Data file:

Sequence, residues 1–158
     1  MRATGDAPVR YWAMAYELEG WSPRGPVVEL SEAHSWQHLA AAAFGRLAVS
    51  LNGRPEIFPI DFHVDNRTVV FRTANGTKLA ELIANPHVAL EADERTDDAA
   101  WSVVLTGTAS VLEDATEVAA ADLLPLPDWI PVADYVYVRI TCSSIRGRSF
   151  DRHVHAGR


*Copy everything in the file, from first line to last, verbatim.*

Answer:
Sequence, residues 1–158
     1  MRATGDAPVR YWAMAYELEG WSPRGPVVEL SEAHSWQHLA AAAFGRLAVS
    51  LNGRPEIFPI DFHVDNRTVV FRTANGTKLA ELIANPHVAL EADERTDDAA
   101  WSVVLTGTAS VLEDATEVAA ADLLPLPDWI PVADYVYVRI TCSSIRGRSF
   151  DRHVHAGR